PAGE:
With more than two dozen killed in a week across Rio de Janeiro in gang-related violence, reporters pressed the visibly weary Rio State Security Secretary José Mariano Beltrame on the efficacy of an aggressive two-year-old security program: Are criminals being effectively vanquished or just changing their addresses?
“We came here with about 500 homicides [per month, 15 months ago]. We are today with about 350,” Mr. Beltrame answered pragmatically at a press conference last night. He added that those numbers were still “horrible.”
It is the same question increasingly being asked since Sunday, as dozens of cars, buses, and vans have been set ablaze in an apparently coordinated assault from the city’s entrenched organized crime members. (One newspaper has totaled the number of burnings to 98 in six days, following an afternoon bus arson today.) Authorities have said criminals are sending a message of opposition to the police crackdown on their strongholds, mostly in favelas throughout the city, which is the second-largest in Brazil.
Some 196 people have been arrested and 32 killed in this episode, the military police said today. In many cases, armed bandits have forced motorists from their vehicles to rob them and set the cars on fire, usually not incurring deaths, though a young girl was reportedly killed in crossfire while she was on the computer at home, and one father shot to death when he didn’t obey orders to stop while driving with his kids. Rio Mayor Eduardo Paes has called the attacks “terrorism.”
The Rio government maintains that the swell of violence is a sign that criminals are on the defensive and that the policing model is working. That model involves invading, occupying, and setting up permanent policing units in Rio’s shantytowns, or favelas, which have long served as a base for organized crime. But because of a lack of manpower and the magnitude of the violence problem in Rio, some say the program has not been as effective as it could be – and that it focuses on hotspots near tourist areas, simply pushing criminals to the margins of the city. This latest violence could be signaling its weaknesses.
Favela residents largely welcome effective, respectful policing, but the placement of Units of Police Pacification (UPPs) has been skewed, says Tião Santos, a member of the National Council on Public Security. “The security policy in Rio are concentrated in the areas of the South Zone [which includes popular tourist neighborhoods Copacabana and Ipanema], or where big sporting events occur,” he says. He adds that the UPPs are notably effective, but that there are few of them, given that Rio has more than 1,000 favelas. A few dozen favelas are now covered by UPPs, which the state public security ministry says benefits about 200,000 people.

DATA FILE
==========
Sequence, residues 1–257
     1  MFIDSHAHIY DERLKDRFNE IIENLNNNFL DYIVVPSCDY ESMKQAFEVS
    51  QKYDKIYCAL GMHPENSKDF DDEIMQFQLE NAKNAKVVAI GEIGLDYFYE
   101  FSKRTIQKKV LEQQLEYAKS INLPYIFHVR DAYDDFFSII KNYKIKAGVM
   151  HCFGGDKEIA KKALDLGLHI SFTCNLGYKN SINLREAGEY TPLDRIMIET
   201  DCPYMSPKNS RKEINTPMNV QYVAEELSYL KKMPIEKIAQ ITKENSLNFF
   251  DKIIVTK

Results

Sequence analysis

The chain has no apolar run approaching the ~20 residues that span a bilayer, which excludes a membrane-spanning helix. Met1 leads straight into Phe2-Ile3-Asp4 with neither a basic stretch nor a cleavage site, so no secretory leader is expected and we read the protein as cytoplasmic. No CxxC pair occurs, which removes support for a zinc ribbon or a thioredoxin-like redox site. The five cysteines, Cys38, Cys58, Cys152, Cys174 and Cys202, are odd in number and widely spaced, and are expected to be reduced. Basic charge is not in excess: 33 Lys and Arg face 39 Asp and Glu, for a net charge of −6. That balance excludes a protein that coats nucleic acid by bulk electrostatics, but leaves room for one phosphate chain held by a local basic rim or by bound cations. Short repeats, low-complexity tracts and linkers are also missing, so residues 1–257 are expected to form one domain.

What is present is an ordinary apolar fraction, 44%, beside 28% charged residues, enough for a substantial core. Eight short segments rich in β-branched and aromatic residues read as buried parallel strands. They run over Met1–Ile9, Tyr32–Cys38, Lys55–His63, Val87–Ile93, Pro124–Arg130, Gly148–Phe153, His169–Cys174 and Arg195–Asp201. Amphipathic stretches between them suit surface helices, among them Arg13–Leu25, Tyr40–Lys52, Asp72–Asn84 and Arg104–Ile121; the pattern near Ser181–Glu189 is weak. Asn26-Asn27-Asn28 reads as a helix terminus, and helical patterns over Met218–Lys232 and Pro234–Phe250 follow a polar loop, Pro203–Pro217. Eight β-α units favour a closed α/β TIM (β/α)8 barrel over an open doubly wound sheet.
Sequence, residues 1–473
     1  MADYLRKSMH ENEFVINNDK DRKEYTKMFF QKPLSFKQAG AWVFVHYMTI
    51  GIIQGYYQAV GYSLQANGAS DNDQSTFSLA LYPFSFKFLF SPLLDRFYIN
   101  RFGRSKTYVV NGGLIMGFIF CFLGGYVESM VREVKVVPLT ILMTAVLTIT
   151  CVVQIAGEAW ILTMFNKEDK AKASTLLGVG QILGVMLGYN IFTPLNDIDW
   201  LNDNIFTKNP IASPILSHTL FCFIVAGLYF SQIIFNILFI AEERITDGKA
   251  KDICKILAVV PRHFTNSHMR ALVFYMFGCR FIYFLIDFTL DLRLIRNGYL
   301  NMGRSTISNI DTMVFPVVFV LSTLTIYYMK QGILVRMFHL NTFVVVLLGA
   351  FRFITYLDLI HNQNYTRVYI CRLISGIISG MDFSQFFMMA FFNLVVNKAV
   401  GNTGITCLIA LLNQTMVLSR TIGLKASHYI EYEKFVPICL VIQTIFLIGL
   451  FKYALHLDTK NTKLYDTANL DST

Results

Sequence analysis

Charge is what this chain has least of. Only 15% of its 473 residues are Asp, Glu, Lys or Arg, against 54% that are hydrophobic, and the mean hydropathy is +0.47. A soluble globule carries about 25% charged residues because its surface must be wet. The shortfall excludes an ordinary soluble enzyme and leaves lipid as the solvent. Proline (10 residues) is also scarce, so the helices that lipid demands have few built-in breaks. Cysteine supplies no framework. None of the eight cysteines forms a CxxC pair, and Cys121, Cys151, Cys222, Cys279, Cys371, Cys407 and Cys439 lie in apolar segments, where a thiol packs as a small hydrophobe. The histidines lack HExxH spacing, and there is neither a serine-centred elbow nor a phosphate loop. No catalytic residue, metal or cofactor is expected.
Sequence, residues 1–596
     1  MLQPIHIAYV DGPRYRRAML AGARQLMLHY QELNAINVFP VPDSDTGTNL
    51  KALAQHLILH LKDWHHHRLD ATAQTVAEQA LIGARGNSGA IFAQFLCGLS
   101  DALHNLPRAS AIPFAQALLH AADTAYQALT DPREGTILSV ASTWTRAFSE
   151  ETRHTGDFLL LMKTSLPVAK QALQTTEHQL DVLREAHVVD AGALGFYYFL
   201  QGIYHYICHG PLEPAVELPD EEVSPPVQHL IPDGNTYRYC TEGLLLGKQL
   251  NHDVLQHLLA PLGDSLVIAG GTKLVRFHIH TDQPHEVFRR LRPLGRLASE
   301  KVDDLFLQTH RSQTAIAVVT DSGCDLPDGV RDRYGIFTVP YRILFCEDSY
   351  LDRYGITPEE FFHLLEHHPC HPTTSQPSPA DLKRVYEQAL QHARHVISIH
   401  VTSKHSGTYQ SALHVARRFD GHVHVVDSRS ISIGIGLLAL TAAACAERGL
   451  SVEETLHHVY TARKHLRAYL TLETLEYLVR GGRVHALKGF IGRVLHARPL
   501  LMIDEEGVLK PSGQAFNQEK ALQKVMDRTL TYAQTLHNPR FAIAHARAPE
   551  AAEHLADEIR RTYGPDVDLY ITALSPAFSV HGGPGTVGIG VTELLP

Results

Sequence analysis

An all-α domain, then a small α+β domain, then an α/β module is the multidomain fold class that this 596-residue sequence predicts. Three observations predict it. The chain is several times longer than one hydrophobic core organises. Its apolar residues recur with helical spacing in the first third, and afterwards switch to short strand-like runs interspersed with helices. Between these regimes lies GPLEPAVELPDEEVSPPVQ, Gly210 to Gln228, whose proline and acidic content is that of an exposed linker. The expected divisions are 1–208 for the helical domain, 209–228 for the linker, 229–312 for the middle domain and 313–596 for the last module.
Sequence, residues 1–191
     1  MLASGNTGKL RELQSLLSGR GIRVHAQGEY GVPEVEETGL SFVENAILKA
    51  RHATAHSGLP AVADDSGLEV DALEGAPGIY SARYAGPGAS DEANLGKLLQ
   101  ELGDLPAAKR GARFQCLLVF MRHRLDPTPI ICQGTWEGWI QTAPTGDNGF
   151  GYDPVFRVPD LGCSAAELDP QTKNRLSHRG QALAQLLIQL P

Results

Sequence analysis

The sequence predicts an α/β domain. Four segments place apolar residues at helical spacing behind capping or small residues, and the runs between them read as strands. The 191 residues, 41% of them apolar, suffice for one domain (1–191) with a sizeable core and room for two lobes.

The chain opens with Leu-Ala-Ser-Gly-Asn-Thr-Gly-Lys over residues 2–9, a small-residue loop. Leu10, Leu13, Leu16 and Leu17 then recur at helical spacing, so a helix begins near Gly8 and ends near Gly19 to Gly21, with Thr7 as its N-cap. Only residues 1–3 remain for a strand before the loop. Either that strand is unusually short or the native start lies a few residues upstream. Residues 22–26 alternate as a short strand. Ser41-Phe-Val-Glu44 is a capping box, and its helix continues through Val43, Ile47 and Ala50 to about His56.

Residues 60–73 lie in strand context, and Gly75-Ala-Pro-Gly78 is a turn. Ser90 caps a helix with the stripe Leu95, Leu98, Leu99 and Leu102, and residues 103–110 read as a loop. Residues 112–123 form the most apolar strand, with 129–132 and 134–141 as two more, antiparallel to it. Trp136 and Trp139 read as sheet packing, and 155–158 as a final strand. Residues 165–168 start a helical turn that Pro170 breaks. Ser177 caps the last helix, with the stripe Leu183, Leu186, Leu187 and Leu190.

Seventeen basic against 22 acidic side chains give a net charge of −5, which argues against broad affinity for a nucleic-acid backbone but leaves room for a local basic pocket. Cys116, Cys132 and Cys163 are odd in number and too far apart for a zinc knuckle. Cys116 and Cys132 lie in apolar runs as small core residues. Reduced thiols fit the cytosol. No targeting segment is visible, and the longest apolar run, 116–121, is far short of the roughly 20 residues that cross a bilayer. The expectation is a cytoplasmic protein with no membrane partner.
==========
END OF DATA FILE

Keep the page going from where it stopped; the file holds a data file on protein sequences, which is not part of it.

“Rio [for decades] had a policy of nonintervention in the hills,” says Leandro Piquet Carneiro, a professor at the University of São Paulo who helped devise the UPP strategy. Many of the favelas hang precariously on the city's steep hills. “Organized crime [networks] became tyrannical republics.”
By 2014, when Brazil hosts the World Cup, the government hopes to have 40 UPPs in 165 communities, with 10,000 police. Rio hosts the summer Olympics in 2016.
But Rio security authorities say they do not have the policing manpower to cover all the favelas. As state secretary Beltrame told reporters last night, it’s a balance. “This is a calculation,” he said, “the preservation of human lives.”
In the meantime, the violence continues. Today, Army reinforcements circled the Complexo do Alemão, a large slum in the north of the city. Rio authorities have long recognized that the slum has become a haven for organized crime members who have fled security operations further south. As about 500 military and civil police overtook a neighboring favela Vila Cruziero last night, using armored vehicles on loan from the Brazilian Navy, news helicopter footage caught a mass exodus of armed men toward the Complexo.